"They are domestically raised just like cattle and pigs are today," said Herb Higgins, an officer of the bowhunter association.
Rodney Bruce, owner of Whitetail Bluff near the southern Indiana town of Corydon, said the preserves didn't offer canned hunting.
"If you have a deer in a room that can't escape or in a pen that can't escape, that's totally unacceptable," Bruce said. "Our places are not like that."
Bruce said his 120-acre business typically has 70-80 deer within its fences and that hunters are still challenged. The preserve's website lists 3-day hunting and lodging packages based on buck size, ranging from $1,900 to $7,900.
The House committee could vote next week on whether to advance the proposal to the full House.
Senate President Pro Tem David Long, R-Fort Wayne, blocked a broader House-approved bill last year that would have legalized the existing fenced-hunting preserves and allowed new ones.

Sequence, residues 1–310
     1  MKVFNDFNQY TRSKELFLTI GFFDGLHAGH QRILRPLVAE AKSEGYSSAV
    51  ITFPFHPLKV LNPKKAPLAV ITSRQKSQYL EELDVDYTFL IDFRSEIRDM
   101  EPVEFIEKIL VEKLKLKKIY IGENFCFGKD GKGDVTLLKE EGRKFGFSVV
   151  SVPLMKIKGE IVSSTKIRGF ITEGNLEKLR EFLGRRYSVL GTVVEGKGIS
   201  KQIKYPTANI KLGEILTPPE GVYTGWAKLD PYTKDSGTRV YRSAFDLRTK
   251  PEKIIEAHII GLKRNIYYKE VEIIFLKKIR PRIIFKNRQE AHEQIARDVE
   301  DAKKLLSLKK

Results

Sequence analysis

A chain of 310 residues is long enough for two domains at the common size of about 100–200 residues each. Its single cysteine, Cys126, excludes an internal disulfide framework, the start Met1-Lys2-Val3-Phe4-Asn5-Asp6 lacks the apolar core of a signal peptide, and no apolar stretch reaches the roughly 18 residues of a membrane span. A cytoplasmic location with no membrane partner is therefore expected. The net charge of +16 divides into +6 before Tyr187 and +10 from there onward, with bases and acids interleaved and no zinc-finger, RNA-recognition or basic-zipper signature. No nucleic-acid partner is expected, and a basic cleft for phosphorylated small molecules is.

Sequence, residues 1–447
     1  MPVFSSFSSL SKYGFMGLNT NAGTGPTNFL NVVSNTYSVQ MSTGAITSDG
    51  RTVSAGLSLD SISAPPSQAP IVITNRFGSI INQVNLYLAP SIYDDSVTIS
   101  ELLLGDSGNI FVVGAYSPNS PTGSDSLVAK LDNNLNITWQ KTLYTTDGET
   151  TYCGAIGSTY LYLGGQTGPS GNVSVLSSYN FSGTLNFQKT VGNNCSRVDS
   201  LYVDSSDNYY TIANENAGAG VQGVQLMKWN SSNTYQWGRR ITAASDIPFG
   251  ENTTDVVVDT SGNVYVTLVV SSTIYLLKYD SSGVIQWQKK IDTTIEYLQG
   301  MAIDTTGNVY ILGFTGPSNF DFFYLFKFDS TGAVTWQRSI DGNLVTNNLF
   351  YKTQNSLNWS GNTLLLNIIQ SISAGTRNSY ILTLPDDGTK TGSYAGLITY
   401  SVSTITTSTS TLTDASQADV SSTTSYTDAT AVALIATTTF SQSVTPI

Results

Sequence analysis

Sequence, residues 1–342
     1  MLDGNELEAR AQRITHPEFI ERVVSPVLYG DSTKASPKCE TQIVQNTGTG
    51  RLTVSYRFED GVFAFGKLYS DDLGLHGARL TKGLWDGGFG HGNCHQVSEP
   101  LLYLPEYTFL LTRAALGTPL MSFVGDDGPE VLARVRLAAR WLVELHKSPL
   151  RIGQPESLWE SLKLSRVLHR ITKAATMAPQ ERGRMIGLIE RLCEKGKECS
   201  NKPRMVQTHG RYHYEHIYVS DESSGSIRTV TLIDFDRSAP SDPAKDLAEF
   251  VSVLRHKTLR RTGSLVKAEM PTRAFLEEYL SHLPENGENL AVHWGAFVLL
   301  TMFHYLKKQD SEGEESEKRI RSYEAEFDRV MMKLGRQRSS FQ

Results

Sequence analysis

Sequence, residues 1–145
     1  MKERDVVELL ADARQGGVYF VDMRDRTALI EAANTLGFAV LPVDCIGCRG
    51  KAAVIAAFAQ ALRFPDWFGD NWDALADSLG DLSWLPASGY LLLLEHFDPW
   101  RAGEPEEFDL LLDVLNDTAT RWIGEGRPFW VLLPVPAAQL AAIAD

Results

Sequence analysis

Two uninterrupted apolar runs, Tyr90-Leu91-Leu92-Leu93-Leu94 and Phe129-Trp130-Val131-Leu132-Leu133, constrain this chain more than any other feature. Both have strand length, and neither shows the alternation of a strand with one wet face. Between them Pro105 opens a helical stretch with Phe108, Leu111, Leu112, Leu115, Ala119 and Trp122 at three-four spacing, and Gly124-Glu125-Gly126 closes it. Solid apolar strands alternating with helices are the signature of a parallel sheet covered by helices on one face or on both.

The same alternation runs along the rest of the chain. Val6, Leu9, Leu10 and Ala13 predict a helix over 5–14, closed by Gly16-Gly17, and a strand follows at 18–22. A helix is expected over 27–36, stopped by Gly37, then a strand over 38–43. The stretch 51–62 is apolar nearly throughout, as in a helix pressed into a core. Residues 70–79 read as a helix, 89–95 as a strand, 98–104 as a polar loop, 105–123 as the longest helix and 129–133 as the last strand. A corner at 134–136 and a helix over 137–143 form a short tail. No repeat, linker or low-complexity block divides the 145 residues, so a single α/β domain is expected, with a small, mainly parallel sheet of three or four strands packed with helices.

Long said Monday he continued to believe that legislators reached a tacit agreement several years ago not to intercede in the lawsuit and that he hoped the Senate wouldn't have to deal with the issue again this year.
Republican Gov. Mike Pence, who took office in January, is hesitant about expanding high-fenced preserves, but "is keeping an open mind" about proposals to allow the existing preserves to continue operating, spokeswoman Kara Brooks said.
Ubelhor said he wanted to allow good businesses to stay open.
"This is an opportunity for people to take part in hunting and have a good time doing it," he said. "They're guaranteed a safe place to hunt."